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What Can Be Done to Stop Violence in Healthcare?

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The violence in healthcare problem

Violence against nurses, and violence in healthcare in general, is not a new problem. According to the Occupational Safety and Health Administration (OSHA), incidents of serious workplace violence were four times more common in healthcare than in private industry from 2002 to 2013. And statistics indicate that patients are (by far) the largest source of that violence. 80% of serious violent incidents reported in 2013 were caused by interactions with patients.

Furthermore, healthcare workers sometimes feel pressure to ignore filing an official report when violence occurs because they think it’s just ‘part of the job’, or because they feel an ethical duty to ‘do no harm’ to their patients, willingly risking their own health and safety in the process.

This lack of reporting not only limits our true understanding of the violence in healthcare problem, it also slows progress to implement many possible solutions that can begin with some simple awareness and dialogue.

In a 12-month period, a survey conducted by the American Nurses Association showed that 21% of registered nurses and nursing students reported being physically assaulted and over 50% verbally abused.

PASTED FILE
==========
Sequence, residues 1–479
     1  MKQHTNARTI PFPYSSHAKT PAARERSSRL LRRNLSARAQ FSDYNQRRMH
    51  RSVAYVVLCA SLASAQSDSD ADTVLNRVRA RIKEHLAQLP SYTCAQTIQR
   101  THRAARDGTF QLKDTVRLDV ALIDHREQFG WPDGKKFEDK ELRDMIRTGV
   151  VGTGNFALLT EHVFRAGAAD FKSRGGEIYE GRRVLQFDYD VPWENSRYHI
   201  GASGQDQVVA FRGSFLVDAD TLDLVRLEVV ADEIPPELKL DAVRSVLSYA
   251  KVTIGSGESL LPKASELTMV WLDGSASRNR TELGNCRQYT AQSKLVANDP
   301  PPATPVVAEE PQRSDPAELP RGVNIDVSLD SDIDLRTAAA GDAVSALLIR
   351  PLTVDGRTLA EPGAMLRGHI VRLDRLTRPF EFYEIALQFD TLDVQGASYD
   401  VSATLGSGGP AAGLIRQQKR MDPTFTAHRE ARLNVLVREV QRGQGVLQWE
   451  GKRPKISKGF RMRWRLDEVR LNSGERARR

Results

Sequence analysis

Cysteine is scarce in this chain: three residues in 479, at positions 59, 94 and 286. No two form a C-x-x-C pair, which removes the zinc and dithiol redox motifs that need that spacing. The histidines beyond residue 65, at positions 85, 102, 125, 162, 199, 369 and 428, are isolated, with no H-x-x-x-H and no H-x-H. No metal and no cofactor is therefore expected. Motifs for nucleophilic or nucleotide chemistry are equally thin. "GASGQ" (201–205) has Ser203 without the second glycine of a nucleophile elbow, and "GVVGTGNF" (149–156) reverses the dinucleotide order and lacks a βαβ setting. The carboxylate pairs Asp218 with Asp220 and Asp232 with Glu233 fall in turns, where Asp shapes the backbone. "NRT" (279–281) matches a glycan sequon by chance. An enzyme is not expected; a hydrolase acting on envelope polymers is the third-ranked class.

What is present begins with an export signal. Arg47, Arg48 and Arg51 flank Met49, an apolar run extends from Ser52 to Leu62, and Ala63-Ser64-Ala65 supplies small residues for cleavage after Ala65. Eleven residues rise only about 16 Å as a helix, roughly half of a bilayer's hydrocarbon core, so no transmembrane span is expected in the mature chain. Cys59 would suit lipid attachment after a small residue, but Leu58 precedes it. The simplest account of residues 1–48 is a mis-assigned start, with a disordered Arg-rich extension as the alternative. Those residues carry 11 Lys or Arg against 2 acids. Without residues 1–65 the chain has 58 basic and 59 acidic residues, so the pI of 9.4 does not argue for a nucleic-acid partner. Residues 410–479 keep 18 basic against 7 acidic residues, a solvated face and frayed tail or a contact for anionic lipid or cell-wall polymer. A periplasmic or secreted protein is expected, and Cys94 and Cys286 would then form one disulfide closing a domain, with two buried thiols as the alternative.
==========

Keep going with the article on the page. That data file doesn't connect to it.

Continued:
And for healthcare administrators, the cost of this violence can be very high… as workers’ compensation insurance will typically have to pay for the cost. But even if the employee recovers quickly, injuries and stress are common factors that lead to caregivers quitting their job. The estimated cost of replacing a nurse is $27,000 to $103,000 (includes separation, recruiting, hiring, orientation, training and lost productivity).

So it’s clear that there is an existing issue of violence in healthcare and that it has various effects, both directly and indirectly, on individual safety, workplace culture and hospital revenue.

What solutions can be applied to reduce this violence?

According to OSHA, violence in healthcare can be reduced by following an effective violence prevention program that includes five key components:

  1. Management commitment and worker participation
  2. Worksite analysis and hazard identification
  3. Hazard prevention and control
  4. Safety and health training
  5. Recordkeeping and program evaluation

To read more about the specifics of what’s included in these five steps, view OSHA’s Guidelines for Preventing Workplace Violence for Healthcare and Social Service Workers.

One example that follows OSHA’s guidelines and creatively encourages a safer environment (while utilizing resources already in place) includes SSM Health in St. Louis, Mo. Security guards at SSM Health are encouraged to integrate more fully into the care team to actively work with patients and staff members. This way, guards should get a better sense of where to direct their attention and which situations could potentially lead to violence, ideally intervening before the situations escalate.

“We wanted to figure out a solution for stemming workplace violence by getting ahead of the curve because it’s a national trend, and, unfortunately, we are not immune to it,” said Todd Miller, public safety and security specialist for SSM’s St. Louis region, which includes eight hospitals.